Recently I Decided to Do a LinkedIn Detox. One Month Later, Here Are the Highlights of My Experience
Although I’m generally quite content with my life and rather disciplined as an individual, at one point I noticed that during my day I was often feeling frustrated, disappointed about the world, and not as productive as I would like to be. So, after noticing the toll certain interactions on LI had on me (interactions with people I respected back then), I decided that maybe I should do an experiment and see how this whole LI matter was a factor in all this. So, I deactivated the keyboard shortcut I had for the LI site, logged off the social medium, and started a new habit on my habit tracker app which I titled “LI detox.” My goal was to go without commenting on any posts or posting anything on the platform, for at least 2 weeks.
First Few Days
The first few days were hard. The impulse to visit the site and check my feed was quite strong. Yet, I knew that once this happened, it wouldn’t be long before the whole experiment would crumble. I didn’t want to burn any bridges with the network though since there are a few people who for some bizarre reason prefer to contact me via the LI communicator (maybe they don’t trust email?) plus my publisher would share recent Amazon sales reports regularly, something that I wanted to be in the loop for. All this made the whole detox experiment harder.
After a couple of weeks I started feeling the effects of the detox process. I was feeling more positive, optimistic, and even my sense of humor had improved. I would contact people more, over other communication means, have more meaningful interactions, and experience a better state of well-being overall. At first I thought that this was due to my increased engagement with people on beBee, but even during the days when my engagement was limited, my positivity continued.
Effect on Productivity and Creativity
Needless to say, with more time on my hands and less frustration in my mind, I felt more productive and more creative. For example, on a good week I used to create one technical video for Safari. During the LI detox month, I’d finish a video in 4 days and there was one week when I completed 2 videos! Also, the quality of my work had increased. What’s more, recently I came up with a solution to a scientific problem that I’d be pondering on for over a year, and even implemented a practical solution to the problem via a programming script.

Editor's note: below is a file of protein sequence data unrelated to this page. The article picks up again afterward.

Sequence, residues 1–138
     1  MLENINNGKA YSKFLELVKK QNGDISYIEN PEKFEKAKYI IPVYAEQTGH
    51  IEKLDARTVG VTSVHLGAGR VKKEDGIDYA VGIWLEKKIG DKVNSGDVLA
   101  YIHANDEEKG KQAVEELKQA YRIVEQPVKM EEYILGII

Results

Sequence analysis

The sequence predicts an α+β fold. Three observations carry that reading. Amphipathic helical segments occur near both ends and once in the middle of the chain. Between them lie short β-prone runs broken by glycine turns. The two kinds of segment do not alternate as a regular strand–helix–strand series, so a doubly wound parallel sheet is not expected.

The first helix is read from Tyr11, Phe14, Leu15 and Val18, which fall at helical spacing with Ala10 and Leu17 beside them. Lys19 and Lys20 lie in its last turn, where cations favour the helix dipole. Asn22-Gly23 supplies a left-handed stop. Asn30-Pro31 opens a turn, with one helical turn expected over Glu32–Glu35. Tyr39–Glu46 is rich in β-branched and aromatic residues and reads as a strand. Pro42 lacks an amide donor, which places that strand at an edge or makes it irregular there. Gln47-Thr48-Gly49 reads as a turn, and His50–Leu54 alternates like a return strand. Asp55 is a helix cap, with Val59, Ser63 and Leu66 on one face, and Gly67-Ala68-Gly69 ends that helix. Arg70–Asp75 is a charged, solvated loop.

Connectivity and Staying Up-to-date
Naturally, connectivity with other professionals was more limited, while staying up-to-date with developments in my field was more challenging. I started relying on Twitter for the latter, while used this as well as other media to stay connected more. Newer connections were fewer but those that came by were more in-depth and meaningful. Also, for an old associate of mine who I hadn’t talked in months, I connected with him via the LI messenger at one point, since he preferred to reach out to me through that medium. That was the hardest thing for me, since those notification and new connection bubbles with big numbers in them were very enticing. Yet, I resisted and just did the messenger part only.
After completing a whole month of LI detox, I deduced that I can go on for much longer and probably I will. Besides, there are better ways to share updates with the world (Twitter for example had a much greater effect on my blog’s traffic than LI ever did), while there are plenty of ways to learn the latest news on data science and AI, without having to read LI articles and the uninformed comments that are attached to them like fleas to a dog. As for connectivity, fortunately LI is not the only professional social medium out there, even if it is the most popular one. Perhaps the alternatives are actually a good filter, exposing me to the more open-minded and alternatively thinking professionals out there, able to interact with other people in a constructive manner.
What are your thoughts? Have you done or would you do a social medium detox?
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